But ut did prevent them from buying anything after leaving the woods in the spring. But if a lumberman wanted money, he could sometimes find a saloon keeper, company store manager or bank or someone else to buy his due bill at a discount of 10 to 35 percent. The buyer would then wait until the fall and collect 100 percent on the due bill, realizing good profit.
     According to some, by 1870 it became a general fact that the most prosperous mill owners discounted their due bills in spring at 25 percent.
     N. C. Foster, an early local railroad builder in Clark, Jackson, Eau Claire and Trempealeau counties, had it published as a condition of employment that employes make their purchases at his store. Inside the passbook it read in part "I pay your wages, I expect you to do business at my store."
     The only advance the workers got was to pay rent and doctor bills.

Court rules scrip legal

     In 1875, a judge at La Crosse said it was illegal for companies to pay employes in scrip because the companies did not have authority to issue currency. However, five years later the Supreme Court ruled scrip was legal.
     The only recouse the law allowed was for the worker to put a lien on logs he had helped produce. But there was so much "red tape" connected with this procedure that not many workers were willing to follow through.
     Weather was an important factor in life of the worker and his family. For instance, when few logs were cut in the woods and few to be sawed, the mills closed early.
     In one letter in the 1870s it was written: "I will tell you privately that with flour at $4.50 per 100 pounds and potatoes at $1 a bushel and no mill whistles in the morning, it is not the brightest prospect for the laboring community in Eau Claire" a corespondent for the Mississippi Valley Lumberman and Manufacturer wrote.
     Wages paid workers varied with the labor supply and market for lumber.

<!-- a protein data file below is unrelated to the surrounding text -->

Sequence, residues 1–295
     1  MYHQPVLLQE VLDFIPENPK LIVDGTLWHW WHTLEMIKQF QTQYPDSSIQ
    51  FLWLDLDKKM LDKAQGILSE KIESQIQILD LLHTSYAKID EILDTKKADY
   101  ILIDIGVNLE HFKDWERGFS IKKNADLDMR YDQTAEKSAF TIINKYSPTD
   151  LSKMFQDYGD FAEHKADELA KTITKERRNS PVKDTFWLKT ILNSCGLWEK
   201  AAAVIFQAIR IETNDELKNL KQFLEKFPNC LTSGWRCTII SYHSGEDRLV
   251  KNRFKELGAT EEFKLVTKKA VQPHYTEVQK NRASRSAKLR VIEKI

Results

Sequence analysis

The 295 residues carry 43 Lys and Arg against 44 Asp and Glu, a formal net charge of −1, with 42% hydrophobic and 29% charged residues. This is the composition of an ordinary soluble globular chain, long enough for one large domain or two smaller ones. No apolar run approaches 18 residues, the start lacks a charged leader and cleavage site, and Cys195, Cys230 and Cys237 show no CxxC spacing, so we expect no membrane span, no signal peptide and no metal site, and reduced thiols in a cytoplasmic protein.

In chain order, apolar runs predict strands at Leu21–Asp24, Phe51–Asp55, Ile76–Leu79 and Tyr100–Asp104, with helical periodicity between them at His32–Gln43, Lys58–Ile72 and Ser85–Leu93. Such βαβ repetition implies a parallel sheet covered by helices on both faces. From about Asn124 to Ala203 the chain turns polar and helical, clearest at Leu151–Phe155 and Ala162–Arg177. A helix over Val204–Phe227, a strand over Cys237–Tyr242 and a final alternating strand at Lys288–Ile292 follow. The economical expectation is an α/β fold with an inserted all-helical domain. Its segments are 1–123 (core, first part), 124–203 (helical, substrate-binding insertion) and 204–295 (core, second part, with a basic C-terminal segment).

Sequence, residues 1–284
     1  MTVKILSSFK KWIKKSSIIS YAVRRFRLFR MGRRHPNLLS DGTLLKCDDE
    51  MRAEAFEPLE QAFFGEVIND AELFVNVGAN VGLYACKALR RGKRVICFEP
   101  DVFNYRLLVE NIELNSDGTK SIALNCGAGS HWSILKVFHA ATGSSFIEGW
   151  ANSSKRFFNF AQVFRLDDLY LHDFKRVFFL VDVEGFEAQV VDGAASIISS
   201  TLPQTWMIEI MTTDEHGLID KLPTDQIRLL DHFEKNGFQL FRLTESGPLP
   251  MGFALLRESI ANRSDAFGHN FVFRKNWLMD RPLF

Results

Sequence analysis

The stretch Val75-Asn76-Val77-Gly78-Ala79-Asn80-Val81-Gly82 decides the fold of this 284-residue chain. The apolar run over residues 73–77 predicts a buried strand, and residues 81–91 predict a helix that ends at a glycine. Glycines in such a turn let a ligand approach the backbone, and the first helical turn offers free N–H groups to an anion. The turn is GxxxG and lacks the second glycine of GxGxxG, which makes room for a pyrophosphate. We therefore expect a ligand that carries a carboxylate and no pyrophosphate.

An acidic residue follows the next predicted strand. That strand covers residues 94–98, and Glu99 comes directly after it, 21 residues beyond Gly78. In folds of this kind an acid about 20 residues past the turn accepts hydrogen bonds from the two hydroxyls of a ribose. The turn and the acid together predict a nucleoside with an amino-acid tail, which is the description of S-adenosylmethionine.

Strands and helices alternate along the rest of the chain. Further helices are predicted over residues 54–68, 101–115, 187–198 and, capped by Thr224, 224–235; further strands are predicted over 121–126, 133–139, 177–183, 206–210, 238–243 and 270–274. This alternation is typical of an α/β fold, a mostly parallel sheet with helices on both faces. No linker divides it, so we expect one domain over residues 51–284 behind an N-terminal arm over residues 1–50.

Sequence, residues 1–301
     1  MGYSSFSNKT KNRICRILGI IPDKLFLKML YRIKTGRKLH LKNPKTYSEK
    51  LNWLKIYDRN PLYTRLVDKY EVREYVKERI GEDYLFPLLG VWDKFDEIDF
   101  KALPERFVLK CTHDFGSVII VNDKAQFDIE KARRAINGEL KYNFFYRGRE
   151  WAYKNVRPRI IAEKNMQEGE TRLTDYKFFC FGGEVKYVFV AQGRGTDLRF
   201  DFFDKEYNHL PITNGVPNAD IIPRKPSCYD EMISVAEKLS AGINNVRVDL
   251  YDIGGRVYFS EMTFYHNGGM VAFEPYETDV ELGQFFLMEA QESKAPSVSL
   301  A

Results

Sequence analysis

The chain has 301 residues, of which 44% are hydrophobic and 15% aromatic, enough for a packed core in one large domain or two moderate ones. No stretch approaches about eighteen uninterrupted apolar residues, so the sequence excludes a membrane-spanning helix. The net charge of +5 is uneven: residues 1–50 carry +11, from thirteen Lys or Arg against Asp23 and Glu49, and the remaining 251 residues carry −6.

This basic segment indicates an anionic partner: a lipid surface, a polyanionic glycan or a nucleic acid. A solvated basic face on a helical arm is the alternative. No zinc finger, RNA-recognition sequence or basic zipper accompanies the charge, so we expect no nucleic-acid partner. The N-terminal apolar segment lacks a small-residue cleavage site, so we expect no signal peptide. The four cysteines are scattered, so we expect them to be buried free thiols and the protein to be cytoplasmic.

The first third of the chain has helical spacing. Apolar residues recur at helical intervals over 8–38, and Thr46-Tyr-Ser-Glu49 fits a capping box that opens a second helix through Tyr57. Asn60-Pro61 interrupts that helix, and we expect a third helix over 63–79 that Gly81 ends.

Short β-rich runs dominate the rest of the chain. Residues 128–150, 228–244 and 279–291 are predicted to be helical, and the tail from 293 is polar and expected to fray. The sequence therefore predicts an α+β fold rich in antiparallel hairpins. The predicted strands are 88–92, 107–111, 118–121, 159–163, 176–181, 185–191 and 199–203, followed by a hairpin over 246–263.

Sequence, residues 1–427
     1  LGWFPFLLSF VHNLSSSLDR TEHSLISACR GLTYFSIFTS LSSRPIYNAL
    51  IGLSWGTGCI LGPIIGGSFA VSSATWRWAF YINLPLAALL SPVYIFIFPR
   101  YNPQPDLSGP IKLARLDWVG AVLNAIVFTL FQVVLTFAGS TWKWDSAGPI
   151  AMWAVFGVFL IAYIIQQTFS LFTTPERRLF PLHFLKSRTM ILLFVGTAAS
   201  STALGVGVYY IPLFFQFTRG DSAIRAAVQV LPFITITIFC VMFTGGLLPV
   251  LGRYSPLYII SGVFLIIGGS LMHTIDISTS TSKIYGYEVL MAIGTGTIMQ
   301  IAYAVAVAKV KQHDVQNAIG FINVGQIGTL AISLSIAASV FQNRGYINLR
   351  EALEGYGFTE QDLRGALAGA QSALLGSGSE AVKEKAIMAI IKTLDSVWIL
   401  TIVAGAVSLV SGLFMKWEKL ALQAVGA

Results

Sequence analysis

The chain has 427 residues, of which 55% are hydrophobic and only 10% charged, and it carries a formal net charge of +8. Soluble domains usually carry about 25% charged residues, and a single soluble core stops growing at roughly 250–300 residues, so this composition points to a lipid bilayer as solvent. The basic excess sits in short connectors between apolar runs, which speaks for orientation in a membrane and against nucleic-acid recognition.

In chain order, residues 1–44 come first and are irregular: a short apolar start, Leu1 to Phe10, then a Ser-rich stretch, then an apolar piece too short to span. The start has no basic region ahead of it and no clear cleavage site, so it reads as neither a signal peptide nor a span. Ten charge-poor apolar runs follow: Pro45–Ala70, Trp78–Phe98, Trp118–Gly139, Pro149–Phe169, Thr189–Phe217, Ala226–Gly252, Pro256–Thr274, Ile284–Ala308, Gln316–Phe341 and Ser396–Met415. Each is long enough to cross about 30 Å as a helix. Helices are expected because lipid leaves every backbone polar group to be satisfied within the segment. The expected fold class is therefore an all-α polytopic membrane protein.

Civil War affects pay

     Pay was from $12 to $25 a month for various jobs around 1860. During the Civil War pay jumped to $3 and $4 a day including room and board while working in the woods, on drives or rafting. After the war, wages dropped back to around $26 a month.
     Foreman were paid the most and a good cook commanded nearly as much. There is one old lumber camp saying, "if you have a bad cook you need two crews, one leaving and one coming."
     In the mills a sawyer was paid $2.50 a day, and engineer $3 to $3.50 a day and a common labor $2 a day.
     Early log drivers received from $3 to $5 a day, but the wages were lower when supply of labor became larger.
     During the 1880s, salaries fell to about $26 a month, or about $1.25 a day, because of the surplus of labor and poor log drives

Workman's society fails

The first hospital insurance policies issued in this area probably came from the Sisters of St. Francis who offered insurance protection for the logger and his family for $7.50 a year.

     There were several efforts to organize a workman's benefit and protection society around the 1880s, but these efforts failed until a few years later when the Knights of Labor organization started to make inroads across the country.
     Some hospitals in the 1890 to 1910 period issued insurance policies for workers and their families. As late as 1905 Sacred Heart Hospital, Eau Claire and St. Joseph's in Chippewa Falls issued a policy for medicine and care for $7.50 a year. It was good in any hospital run by the Hospital Sisters of St. Francis.
     Work in the woods was dangerous and medical attention often inadequate for serious injuries or illness. Many men were single with no relatives. Often these men ended up in a boarding house and some in poor houses.
     Conditions in the mills were not the best as some owners did not provide necessary safety guards for saws and other equipment. A number of men were injured and some killed in boiler accidents.
     The state government stepped in around 1885 and made certain safety regulations mandatory, but mill owners won more suits than they lost in claims.
     While it is true mill owners risked the capital investment that created jobs for the workers, it was the latter's lives that were risked. The men worked 11 and 12 hour days for less than $30 a month, enabling many of the mill owners to become wealthy.
     Around 1885 there were a reported 14 men in Eau Claire who had amassed more than $100,000. These were the days when a mansion could be built for $5,000.
     One, Joseph G. Thorp, in 1880 traveled in Europe and built a $50,000 home in the East, in addition to having homes in Eau Claire and Madison.

- Arnie Hoffman

Extracted from the Eau Claire Leader Telegram
Special Publication, Our Story 'The Chippewa Valley and Beyond', published 1976
Used with permission.